Photographing a Perky Wilson’s Warbler – Dealing with Inadequate Flash Power

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Photographing A Wilson Warbler

A soothing fall day. Just a few bright withered leaves drift down. Soon there will be plenty of light.

It’s early October and the number of migrating birds who have interrupted their journeys to take refuge in my yard has dwindled. A few jewels may still appear. The camera and long lens are set up in the house pointing toward the dense foliage near the fountain. The scene is not reflecting much light on this breezy morning. The background is thick and indistinct.

The camera is set on low speed continuous shooting and al servo focusing mode – perfect for fast moving birds. But in low light, it doesn’t matter how fast the camera can burst if the flash is weary after the first one or two shots.

Photo of Wilson's Warbler
Wet Wilson’s Warbler
Bathing at Fountain
Flash Engaged
ISO 400; f/9; 1/250 Second

Slow to Recycle

The more I use my flash, the more evident it becomes that AA batteries recharge it too slowly for bird photography. One shot – wait.  One shot – wait. This seems true even if I need only a touch of fill light and use a fraction of what the flash can deliver. I have to pause… hold myself back –slow down my shutter action to give the flash gun time to recover.

Photo of Wilson's Warbler
Wilson’s Warbler
Taken with Flash extender
ISO400; f/9; 1/250 Second

Wait Time Analysis

Here’s a quick analysis of the situation:

  • Recycle Rate on Canon 580 EX II Flash is 6 seconds (with fresh AA batteries).
  • With 8 additional batteries attached, (Canon CP-E4 Compact AA alkalide battery pack) recycle rate time decreases to 2 seconds (with fresh batteries).
  • The speed of low speed continuous shooting mode can be as high as 13 frames per second on modern Canon DSLR cameras. (Note: Lots of issues can impact the speed of continuous shooting– most especially if you set your camera to shoot RAW rather than JPG).
  • In ETTL mode, longer distances between flash and subject as well as tight apertures, low ISOs and higher shutter speed settings (Max 1/250 per second in flash mode on my camera) will cause the flash gun to work harder.
  • Fast draining batteries impact speed and responsiveness of flash unit. In addition, going off task to swap out dying batteries takes time.
  • No wall power adapter is available for the Canon 580EX II flash gun.
  • The tube on the Canon 580 EX II flash gun will start to overheat after 15-20 flash bursts paced at 2-5 seconds apart. This bumps up flash recycling time to 8 to 20 seconds. Soon after, the over burdened flash will require a “rest time” of 10-15 minutes. (NOTE: An overly heated Canon flash gun will give thermal warning and shut down flash operation to avoid permanent damage to the flash. There is no override switch to cancel shutdown on the 580 EX II.)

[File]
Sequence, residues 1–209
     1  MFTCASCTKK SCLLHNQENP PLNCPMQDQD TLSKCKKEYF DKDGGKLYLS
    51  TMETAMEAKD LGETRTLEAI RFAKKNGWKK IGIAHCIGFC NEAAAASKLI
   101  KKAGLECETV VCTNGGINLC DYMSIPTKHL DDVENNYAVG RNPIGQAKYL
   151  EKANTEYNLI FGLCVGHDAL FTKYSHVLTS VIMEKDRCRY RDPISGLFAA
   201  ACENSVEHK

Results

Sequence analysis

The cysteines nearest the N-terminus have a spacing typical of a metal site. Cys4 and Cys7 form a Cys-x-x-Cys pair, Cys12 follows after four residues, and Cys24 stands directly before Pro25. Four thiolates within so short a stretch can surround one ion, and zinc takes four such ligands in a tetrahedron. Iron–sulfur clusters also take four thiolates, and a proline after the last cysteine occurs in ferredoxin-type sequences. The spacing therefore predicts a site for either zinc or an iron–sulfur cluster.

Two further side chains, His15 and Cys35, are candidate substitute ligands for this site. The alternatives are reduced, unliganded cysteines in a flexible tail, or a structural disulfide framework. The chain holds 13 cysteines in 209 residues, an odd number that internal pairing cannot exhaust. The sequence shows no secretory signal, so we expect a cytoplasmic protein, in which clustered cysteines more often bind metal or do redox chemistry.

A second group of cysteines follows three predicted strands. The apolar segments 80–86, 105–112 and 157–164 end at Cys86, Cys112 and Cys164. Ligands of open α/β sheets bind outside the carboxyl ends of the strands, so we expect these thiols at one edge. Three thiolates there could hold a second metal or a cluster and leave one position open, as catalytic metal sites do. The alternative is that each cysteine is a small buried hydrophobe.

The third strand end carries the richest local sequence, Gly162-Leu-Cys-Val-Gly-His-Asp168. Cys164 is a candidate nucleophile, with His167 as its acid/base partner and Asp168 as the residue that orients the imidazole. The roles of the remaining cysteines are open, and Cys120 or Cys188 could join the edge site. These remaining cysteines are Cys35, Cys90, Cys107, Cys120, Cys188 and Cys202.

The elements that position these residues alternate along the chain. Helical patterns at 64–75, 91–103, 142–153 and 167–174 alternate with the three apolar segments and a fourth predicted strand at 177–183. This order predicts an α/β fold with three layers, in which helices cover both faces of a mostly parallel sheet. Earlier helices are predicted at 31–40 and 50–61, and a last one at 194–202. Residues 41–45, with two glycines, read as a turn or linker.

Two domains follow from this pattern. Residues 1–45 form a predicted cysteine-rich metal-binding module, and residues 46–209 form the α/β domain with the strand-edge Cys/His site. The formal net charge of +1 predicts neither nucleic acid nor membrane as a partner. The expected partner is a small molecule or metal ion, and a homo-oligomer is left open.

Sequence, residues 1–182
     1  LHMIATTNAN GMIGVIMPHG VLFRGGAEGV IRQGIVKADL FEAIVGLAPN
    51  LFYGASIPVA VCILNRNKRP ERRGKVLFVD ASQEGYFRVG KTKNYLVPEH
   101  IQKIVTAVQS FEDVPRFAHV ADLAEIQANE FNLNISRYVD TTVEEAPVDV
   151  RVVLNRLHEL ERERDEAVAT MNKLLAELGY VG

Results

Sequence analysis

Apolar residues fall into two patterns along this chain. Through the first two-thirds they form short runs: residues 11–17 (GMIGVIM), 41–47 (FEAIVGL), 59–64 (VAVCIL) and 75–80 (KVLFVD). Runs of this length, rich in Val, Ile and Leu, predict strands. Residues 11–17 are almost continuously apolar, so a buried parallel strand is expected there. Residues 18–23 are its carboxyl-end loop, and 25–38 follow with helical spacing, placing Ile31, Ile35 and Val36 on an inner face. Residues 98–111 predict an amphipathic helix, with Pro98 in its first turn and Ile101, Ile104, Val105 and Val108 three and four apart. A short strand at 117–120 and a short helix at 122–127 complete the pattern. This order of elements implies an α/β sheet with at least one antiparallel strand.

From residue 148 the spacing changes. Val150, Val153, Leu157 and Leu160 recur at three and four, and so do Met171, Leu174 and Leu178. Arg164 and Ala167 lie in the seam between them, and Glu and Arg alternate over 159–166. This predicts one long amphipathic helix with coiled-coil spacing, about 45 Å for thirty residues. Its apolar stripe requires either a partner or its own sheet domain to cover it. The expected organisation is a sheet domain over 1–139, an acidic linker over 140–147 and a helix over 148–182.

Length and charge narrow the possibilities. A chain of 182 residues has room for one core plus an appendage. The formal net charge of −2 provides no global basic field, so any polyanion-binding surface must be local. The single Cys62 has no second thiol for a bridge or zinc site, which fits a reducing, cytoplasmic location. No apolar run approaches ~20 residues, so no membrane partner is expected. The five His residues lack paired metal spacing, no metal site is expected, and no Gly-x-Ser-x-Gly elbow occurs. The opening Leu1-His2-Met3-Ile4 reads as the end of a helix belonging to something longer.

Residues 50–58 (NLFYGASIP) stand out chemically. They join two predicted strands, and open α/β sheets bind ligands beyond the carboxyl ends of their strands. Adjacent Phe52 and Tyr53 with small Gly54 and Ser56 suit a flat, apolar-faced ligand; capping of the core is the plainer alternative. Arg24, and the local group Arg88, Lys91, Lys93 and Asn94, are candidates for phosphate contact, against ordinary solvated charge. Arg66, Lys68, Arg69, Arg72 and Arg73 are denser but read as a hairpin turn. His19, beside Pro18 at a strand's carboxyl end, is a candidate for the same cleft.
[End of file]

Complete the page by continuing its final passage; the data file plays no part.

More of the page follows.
NOTE:  The flash may shut down, but not the camera. If I continue fast shutter action without a flash, I will end up with a lot of very noisy (5000+) ISO images – assuming the ISO on the camera is set to AUTO.

Prodigious Power Users

Modern flash guns are prodigious power users. Lots of photographers choose to replace the AA batteries with powerful, light, versatile and portable lithium ion power packs and chargers designed to recharge faster and last longer.

More Power, Faster Recycle

On a friend’s recommendation, I researched Flashpoint‘s Blast Power Pack PB-960. It was the least expensive lithium ion power pack I could find. The customer reviews were very good.

  • You can regenerate your flash unit to full power in less than 1 second. When the power pack runs dry, it’s a simple matter to swap it out for a fresh unit. A $20.00 cable to join two batteries to one power pack will cut the recycling time in half.
  • Power pack battery life is rated to deliver 1800 full power shots.
  • A bright LED power level indicator on the unit keeps the photographer aware of power drainage.
  • With very little fuss, heavy duty locking cables securely attach to the flash unit.
  • Lithium Ion battery recharge time takes approximately 3 hours…which is why you need an extra battery to swap out with the drained one.

NOTE:  Wedding photographers must love carrying the Flashpoint PB-960 on their gear belts. It is engineered to power two different flashes simultaneously off the same power pack.

A Better Option than AA

The Flashpoint lithium ion power pack definitely performs faster than AA batteries, providing more consistently reliable, portable power. It’s not a cheap date. I bought the power pack, 2 batteries, recharger, and carrying strap for $350.00.

Controlling My Trigger Finger

What seems like an interminable wait for my flash to respond is really not. I was able to get 3 or 4 different, well lit shots of the Wilson’s Warbler when he came to refresh himself at the fountain. If I feel the need to hold down the shutter in order to get the perfect shot, more of the images will be adequately illuminated with the Flashpoint attached.

However, no lithium ion power pack will be able to keep up with camera bursts, nor for that matter, will the flash gun. I’ll just have to learn to control my trigger finger when using flash.

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2 thoughts on “Photographing a Perky Wilson’s Warbler – Dealing with Inadequate Flash Power

  1. Nancy,
    It seems that fountain in your yard is a real bird magnet. I live along a river, and never even considered fountains. Is it the moving water that attracts them? I do use a bird bath which is sometimes frequented. Can you give me the name of the fountain that you have, so I can check it out. Thanks.

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